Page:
Sinn Féin spokesperson on Mental Health, Mark Ward TD, has said that decades of underinvestment in the upkeep of inpatient mental health facilities by successive governments have led to a dramatic decline in facilities meeting minimum standards.
Speaking following the release of the Mental Health Commission’s annual report, Deputy Ward added that the HSE must properly invest in these mental health facilities and prioritise individual care planning.
Teachta Ward said:
“The Mental Health Commission annual report made several worrying findings, particularly regarding the inspection of approved inpatient centres, individual care planning, risk management and staffing.
“These four areas had compliance levels of less than 70%.
“The Chief Executive of the Mental Health Commission, John Farrelly has described this as ‘simply unacceptable’.
“Decades of underinvestment in the upkeep of inpatient mental health facilities by successive governments are coming home to roost.
“These centres may lose their status as an approved centre if they do not comply and improve.
“If that happens, centres could close and whole communities could be impacted as we have seen recently with the threat of closure of the Owenacurra Centre in Cork.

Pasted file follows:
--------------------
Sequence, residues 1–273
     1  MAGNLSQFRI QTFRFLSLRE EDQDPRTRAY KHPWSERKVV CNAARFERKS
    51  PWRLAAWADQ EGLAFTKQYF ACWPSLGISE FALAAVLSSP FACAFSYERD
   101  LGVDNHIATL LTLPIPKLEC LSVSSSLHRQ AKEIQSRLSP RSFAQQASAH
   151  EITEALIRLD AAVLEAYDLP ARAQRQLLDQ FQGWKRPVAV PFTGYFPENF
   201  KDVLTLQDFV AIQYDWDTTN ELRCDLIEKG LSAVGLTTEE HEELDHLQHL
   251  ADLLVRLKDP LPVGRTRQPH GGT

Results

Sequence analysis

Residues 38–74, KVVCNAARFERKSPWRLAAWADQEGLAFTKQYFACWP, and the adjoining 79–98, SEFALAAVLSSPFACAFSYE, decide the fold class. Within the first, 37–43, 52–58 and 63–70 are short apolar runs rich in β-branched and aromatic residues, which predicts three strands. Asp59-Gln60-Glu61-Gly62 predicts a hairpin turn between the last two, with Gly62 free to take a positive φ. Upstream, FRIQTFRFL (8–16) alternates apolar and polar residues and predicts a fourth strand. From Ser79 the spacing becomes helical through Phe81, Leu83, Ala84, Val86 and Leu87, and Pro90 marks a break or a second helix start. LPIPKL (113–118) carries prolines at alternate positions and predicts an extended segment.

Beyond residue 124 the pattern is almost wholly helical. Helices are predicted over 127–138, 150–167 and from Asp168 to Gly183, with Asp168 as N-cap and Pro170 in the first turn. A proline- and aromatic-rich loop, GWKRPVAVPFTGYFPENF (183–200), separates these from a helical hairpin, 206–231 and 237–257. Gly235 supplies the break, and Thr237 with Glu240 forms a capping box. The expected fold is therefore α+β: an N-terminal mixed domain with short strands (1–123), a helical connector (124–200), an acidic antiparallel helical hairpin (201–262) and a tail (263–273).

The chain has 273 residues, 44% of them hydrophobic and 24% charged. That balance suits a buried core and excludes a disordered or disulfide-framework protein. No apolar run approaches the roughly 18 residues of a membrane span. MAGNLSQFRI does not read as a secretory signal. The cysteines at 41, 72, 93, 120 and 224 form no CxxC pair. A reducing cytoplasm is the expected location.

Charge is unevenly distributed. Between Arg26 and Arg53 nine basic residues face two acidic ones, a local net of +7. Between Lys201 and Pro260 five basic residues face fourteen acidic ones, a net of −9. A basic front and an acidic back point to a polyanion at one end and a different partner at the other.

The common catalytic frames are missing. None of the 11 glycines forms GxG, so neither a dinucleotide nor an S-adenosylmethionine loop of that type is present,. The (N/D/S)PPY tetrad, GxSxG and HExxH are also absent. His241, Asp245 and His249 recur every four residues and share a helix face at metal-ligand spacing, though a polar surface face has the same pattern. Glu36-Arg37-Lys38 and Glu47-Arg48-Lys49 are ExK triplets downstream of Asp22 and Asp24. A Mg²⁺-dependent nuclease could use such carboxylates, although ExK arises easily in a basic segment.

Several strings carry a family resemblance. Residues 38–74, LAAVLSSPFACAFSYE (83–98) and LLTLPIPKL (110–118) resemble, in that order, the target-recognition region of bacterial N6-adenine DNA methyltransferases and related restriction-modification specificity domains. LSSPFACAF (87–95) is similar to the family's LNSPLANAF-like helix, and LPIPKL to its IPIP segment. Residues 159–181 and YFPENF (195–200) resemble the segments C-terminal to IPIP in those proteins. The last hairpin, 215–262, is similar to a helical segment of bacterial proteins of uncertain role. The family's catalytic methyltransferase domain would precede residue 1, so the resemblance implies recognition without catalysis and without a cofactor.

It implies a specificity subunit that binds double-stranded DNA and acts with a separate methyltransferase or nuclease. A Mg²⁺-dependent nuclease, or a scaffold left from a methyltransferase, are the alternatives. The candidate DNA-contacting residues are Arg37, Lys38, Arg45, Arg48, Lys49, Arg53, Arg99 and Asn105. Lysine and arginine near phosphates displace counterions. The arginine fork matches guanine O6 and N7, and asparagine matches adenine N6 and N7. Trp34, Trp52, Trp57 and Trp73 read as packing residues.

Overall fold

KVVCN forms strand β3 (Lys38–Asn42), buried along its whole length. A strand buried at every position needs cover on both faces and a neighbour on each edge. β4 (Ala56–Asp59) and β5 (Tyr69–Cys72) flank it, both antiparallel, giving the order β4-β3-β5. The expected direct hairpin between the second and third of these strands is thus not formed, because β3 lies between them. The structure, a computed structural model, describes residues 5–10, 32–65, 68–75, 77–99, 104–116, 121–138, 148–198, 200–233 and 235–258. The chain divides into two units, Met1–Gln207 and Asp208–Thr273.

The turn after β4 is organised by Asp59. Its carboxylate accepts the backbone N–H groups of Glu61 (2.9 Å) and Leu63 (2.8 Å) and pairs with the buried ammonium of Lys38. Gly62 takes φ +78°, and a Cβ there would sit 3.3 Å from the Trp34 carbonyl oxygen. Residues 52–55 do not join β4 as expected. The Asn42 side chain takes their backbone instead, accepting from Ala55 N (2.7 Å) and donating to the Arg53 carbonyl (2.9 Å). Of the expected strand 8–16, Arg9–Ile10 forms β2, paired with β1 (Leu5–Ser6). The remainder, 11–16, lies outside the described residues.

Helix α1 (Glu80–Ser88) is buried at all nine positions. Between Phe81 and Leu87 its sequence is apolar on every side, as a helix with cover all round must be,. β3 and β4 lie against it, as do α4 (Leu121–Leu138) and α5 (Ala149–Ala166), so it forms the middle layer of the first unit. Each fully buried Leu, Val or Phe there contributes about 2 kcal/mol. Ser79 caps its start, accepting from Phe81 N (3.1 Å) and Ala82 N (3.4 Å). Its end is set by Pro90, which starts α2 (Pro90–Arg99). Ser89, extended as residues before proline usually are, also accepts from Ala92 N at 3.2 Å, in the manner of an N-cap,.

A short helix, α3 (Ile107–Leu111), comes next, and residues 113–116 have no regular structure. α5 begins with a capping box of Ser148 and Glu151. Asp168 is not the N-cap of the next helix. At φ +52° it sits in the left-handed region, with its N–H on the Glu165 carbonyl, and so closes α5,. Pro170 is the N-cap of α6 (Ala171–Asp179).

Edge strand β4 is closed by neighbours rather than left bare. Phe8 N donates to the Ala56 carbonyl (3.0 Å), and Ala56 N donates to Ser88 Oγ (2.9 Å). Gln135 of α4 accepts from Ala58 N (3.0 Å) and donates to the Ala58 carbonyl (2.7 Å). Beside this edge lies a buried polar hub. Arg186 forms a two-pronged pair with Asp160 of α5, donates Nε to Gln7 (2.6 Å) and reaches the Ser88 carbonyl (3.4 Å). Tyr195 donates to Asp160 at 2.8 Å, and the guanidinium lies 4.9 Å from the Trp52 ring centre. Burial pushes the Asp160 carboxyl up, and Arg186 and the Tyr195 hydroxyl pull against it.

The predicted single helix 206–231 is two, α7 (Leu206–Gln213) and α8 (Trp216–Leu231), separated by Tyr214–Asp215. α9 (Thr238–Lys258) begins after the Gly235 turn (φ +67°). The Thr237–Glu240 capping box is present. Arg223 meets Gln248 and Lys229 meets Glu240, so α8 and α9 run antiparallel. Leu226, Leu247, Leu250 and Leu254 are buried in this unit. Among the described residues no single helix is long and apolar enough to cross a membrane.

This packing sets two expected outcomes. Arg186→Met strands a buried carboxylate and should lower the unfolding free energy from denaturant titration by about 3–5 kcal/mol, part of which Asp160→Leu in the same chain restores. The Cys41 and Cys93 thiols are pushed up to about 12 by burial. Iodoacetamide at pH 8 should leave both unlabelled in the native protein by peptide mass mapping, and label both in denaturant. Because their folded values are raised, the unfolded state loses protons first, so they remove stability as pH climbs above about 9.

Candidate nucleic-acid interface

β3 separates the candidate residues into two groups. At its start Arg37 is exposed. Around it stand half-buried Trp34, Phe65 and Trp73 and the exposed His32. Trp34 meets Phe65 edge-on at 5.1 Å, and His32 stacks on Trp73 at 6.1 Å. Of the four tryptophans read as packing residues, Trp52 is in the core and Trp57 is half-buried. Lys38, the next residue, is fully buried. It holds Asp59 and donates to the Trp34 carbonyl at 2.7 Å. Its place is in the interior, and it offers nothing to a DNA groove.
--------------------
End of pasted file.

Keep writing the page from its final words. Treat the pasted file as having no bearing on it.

“Only 27% of centres were compliant with regulations for premises, with others being described as ‘not fit for purpose’ by Mr Farrelly.
“This is a damning indictment on how successive governments view mental health care.
“Individuals in inpatient facilities deserve to have modern secure places to live. That is the minimum standard to expect.
“They also deserve proper treatment plans for their care.
“Over 30% of centres were non-compliant with the regulation around care plans for individuals. This is not good enough.
“Individualised care plans are central to the patients care and the report stated that in some cases the individual was not involved or had any input into their own care plan.
“Dr Susan Finnerty, the Inspector of Mental Health Services, has also called out the fact that larger centres are filled to capacity and that appropriately sized supported residences are not being sought.
“We have a dark history of institutionalising vulnerable people, and we cannot return to this.
“This report by the Mental Health Commission must be a blueprint of where there are shortcomings in mental health care – the government and the HSE must act immediately to bring services up to standard.
“With the publication of this report, the government has been warned and cannot say that they are unaware.”